In case you didn’t already know, the word hypertrophy refers to muscle growth. If you’re a male, then chances are you don’t need any convincing about the merits of strength training for hypertrophy. However, if you’re a woman, then you might be on the fence. Perhaps you just want to get skinny and don’t want any appreciable gains in muscle mass. This is all well and good, but just know that your diet largely determines whether you gain weight, maintain weight, or lose weight. Exercise certainly helps, but not as much as most people assume (at least not in the amounts that most people perform).
At any rate, in a caloric surplus, strength training will cause the weight that you gain to consist of a higher proportion of muscle and a lower proportion of fat. At a caloric maintenance, strength training will cause your body to recompose so that you gain more muscle, lose fat, and improve your bodyfat percentage. At a caloric deficit, strength training will cause the weight that you lose to consist of a higher proportion of fat and a lower proportion of muscle.
5) Neural Improvements Precede Hypertrophic Improvements
During your first couple of months of strength training, you’ll likely be asking yourself, “What in the heck is going on – I’m gaining tons of strength, but my body isn’t changing much?” This is normal. During your first six weeks of training, your strength will rapidly increase, but these improvements will be brought upon largely by the nervous system. Your brain will figure out what you want it to do and will begin to coordinate the muscle actions and activate the proper muscles in the proper timing sequence more effectively. After a month or two, the primary cause of strength gains begins to be brought upon by hypertrophy. Your muscles will now begin to grow, and your shape will start improving. Make sure you stick it out during these initial times so you can reap the rewards of your arduous work.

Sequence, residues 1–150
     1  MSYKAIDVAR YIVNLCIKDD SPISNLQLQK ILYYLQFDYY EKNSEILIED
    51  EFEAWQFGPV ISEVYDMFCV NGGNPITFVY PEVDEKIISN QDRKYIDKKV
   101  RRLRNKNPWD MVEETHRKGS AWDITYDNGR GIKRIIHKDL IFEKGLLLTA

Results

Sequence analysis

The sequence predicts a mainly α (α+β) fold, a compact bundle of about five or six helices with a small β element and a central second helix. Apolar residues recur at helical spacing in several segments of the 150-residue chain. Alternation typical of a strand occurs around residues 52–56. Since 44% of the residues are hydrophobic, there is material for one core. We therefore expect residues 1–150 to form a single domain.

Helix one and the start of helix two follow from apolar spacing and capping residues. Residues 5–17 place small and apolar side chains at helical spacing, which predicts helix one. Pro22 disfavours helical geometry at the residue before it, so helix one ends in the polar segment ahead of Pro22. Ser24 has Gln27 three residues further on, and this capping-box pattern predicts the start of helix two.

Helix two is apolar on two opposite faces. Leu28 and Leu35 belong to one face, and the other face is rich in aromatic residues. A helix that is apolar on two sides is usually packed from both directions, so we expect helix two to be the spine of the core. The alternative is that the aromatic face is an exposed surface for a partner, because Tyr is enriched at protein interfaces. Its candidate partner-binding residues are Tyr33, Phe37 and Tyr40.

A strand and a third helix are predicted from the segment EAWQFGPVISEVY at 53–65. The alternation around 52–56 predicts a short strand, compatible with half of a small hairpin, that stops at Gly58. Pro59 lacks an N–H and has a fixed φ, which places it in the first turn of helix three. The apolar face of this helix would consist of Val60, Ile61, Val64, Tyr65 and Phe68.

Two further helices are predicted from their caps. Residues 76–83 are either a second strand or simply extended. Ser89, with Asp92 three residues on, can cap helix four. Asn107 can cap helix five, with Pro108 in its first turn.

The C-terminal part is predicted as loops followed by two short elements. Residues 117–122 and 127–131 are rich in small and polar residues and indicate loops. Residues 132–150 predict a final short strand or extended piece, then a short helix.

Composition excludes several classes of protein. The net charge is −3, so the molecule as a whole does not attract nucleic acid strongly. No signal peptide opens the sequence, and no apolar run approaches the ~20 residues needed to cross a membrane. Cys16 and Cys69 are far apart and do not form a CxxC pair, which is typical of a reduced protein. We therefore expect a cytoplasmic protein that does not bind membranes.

6) Strength is Underrated
It’s not just about going to the gym and doing the exercises. Showing up and simply “going through the motions,” will not yield fantastic results. You should push yourself on many levels… push yourself to maintain sound technical form when the going gets tough… push yourself to squeeze out another rep… push yourself to add 5-10 more pounds to the bar… push yourself to master new exercises and variations.
There will be times when your strength gains stagnate. You’ll have to analyze your form, analyze your training program, and consider everything else outside of the gym (diet, sleep, stress, etc.). But if you’re dialed in on gaining strength, you will prevail. Every year, your body will be stronger than it was the year before, and your physique will continue to improve. Strength creates curves and shapes the body. The same cannot be said for cardio and stretching.
7) Be About the Business of You
Study anatomy. Study the greats of bodybuilding and fitness. Take what they have done- adapt it. Make some things your own. As always, do what works for you. Listen to your body.
8) Diet Does Matter
Yes, bodies are made in the kitchen. But it does not have to mean that you must do anything that leaves you deprived. If you feel that, you will not stick with the diet.
9) HYDRATE, HYDRATE, HYDRATE!!
Yes, most people DO know about proper hydration. But, to reiterate, you need at least 150 oz of water daily (working out or not) to maintain a healthy hydration balance.
10) Do Not Neglect Cardio
It does not have to be a major commitment, but cardio is essential to getting leaner, and it’s good for your overall health.
In conclusion, add all these up and you will have a strong foundation that will serve you well for as long as you lift (hopefully this will help turn this gym thing into a LIFESTYLE).
To recap: 1) Commitment 2) Hunger 3) Studiousness (studying, refining and perfecting your regimen/routines) 4) Cultivating yourself
These things are exactly what I describe as ‘the basics’. THE BASICS ALWAYS WIN!!
Posted originally on ->> blog.seattlepi.com